What is VDOT? Understanding A Runner’s Most Important Number

When sharing your PR over a certain distance, have you ever had to offer up another PR from a different distance to explain that you are a better runner than that one PR indicates? Or, have you ever wondered how fast you should be running in training? In situations like these, knowing your VDOT value comes in handy.

Often times you will hear runners discuss physiological values such as the VO2Max, and use it as a measure of how capable a runner one is. The problem with this is that a runner’s ability to consume oxygen is not only a complex operation to measure, but it is also only half the equation. The runner’s economy, or how efficiently the runner is able to use the oxygen he or she consumes, is just as important as VO2Max to determine how fast that person can run a race. So, if we are looking for a number that explains how capable a runner is, what is that number?

You guessed it! The term VDOT was coined by renowned running coach and physiologist Jack Daniels and his associate Jimmy Gilbert. At its core, VDOT is an attempt to objectively quantify the shape of a runner across all the various distances one might race. And once you dive into it, it is a surprisingly simple, but very useful concept.

Person standing on a treadmill with oxygen mask on his face.
VDOT is typically measured on a treadmill in a lab. (U.S. Army photo by Spc. Nathan Thome, 4th Inf. Div. PAO)

To find your VDOT value, all you have to do is go out and run and make a note of the distance and the time. You can run any distance, but I suggest one of the traditional track and road racing distances between 1500 meters and a marathon. Did you run and time yourself? Great, now hop on over to the VDOT calculator and plug in your numbers to get your VDOT value.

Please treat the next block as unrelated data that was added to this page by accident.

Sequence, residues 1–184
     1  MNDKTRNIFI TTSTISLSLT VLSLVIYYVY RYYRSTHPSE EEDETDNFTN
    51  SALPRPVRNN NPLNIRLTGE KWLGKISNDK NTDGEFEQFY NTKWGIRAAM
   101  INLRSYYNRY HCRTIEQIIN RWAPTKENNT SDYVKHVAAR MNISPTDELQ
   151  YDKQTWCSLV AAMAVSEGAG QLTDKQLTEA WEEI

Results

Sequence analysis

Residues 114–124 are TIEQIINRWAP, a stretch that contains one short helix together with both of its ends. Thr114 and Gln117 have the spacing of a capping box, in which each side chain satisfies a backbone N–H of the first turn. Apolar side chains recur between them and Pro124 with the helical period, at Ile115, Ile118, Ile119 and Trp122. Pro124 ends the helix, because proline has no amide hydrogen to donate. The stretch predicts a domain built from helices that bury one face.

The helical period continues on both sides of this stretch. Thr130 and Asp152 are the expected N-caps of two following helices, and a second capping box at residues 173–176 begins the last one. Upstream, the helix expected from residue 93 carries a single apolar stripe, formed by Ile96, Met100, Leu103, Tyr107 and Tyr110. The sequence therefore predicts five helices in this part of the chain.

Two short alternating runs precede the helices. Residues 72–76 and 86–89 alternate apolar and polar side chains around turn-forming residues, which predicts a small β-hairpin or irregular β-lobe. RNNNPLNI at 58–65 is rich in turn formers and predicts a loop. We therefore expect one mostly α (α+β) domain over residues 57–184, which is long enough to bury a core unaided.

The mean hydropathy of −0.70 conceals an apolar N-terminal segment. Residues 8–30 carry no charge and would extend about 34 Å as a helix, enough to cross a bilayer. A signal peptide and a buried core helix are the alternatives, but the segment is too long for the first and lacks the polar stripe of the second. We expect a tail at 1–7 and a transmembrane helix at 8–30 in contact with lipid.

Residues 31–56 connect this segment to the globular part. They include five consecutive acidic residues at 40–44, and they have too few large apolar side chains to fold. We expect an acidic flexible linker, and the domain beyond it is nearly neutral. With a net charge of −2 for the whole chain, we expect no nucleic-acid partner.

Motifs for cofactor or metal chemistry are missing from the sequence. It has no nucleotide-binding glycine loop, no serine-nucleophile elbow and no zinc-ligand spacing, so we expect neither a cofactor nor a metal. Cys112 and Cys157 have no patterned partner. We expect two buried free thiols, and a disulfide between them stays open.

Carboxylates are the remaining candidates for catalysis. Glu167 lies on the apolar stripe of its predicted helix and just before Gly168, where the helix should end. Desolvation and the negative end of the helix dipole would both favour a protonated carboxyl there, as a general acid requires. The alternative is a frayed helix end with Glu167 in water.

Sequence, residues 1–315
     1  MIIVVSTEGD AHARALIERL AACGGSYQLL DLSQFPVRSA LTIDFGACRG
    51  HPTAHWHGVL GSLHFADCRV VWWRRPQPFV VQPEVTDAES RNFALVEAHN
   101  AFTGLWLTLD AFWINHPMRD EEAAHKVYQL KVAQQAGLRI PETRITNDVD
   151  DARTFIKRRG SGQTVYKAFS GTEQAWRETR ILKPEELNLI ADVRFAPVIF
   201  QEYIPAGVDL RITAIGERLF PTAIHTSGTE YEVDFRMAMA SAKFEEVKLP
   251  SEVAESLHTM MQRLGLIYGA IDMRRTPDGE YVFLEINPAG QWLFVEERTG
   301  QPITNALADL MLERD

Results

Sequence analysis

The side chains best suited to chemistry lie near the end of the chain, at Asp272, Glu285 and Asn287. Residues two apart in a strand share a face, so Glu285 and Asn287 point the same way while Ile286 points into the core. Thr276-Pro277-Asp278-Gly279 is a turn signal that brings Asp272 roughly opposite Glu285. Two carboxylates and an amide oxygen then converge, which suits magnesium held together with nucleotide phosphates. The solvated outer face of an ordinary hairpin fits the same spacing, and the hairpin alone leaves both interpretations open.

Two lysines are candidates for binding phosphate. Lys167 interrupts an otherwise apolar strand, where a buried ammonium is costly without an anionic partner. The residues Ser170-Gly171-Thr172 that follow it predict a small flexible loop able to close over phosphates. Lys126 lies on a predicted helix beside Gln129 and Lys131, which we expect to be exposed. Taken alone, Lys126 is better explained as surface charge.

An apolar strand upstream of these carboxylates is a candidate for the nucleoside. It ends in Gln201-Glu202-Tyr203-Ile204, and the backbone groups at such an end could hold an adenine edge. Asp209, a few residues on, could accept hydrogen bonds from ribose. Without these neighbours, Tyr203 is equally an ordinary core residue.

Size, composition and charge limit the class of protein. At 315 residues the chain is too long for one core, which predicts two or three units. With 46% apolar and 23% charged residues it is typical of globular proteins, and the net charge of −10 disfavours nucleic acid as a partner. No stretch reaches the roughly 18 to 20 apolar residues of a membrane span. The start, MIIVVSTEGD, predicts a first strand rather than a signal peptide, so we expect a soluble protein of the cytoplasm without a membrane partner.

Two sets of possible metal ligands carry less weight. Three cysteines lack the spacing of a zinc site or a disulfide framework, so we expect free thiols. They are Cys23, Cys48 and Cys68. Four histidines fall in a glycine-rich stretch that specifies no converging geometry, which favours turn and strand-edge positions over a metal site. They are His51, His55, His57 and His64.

If you ran a 10k in 40 minutes, the VDOT calculator will show that your VDOT value is 51.9. Excellent, but what does this tell you? As I mentioned earlier, VDOT is a very simple concept, because it is really just a collection of tables of equating values. But this simplicity is what makes it so useful, too. Because just by knowing your 10k time, and thus your VDOT value, you can find out what you should be capable of running in the 5k, a 10 miler and even a half or full marathon.

But even more important, your VDOT value will give you suggested pace ranges for your training intensities. This is a very useful tool for making sure that you are running at the right pace for the type of workout you are trying to do, instead of overextending or sandbagging. As an example, that 40-minute 10k runner should be running his 1k intervals at just below 3 minutes and 50 seconds, whereas his easy pace should be somewhere between 5:00 – 5:15 min/km or 8:00 – 8:30 min/mile.

A word to the wise is that you should treat your VDOT values as guidelines, and not absolute limits. Some days you will be feeling great, and your VDOT suggested pace for the workout that day will be a breeze. On a hot and humid day, that might change, and it can be sensible to run slower than what your VDOT value suggests. As for racing predictions, there will always be some variety between runners and how their best times at the various distances relate to each other. A runner focused on shorter distances will probably not be able to run a marathon in the time suggested by her VDOT value. Whereas, on the other hand, an endurance focused marathoner may struggle to post the mile time his marathon PR VDOT value may indicate.